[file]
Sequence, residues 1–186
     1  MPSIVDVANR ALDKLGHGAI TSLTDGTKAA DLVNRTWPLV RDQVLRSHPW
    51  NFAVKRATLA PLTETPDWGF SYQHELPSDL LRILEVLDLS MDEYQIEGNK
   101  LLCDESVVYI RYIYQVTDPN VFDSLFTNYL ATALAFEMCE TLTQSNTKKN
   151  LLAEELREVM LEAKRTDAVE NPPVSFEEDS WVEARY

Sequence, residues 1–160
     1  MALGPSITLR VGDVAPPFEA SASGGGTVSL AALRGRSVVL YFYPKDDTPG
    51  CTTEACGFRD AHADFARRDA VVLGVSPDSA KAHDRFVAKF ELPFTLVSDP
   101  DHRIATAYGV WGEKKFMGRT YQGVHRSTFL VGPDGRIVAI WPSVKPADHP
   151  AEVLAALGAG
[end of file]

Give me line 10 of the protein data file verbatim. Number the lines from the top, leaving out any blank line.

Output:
   151  AEVLAALGAG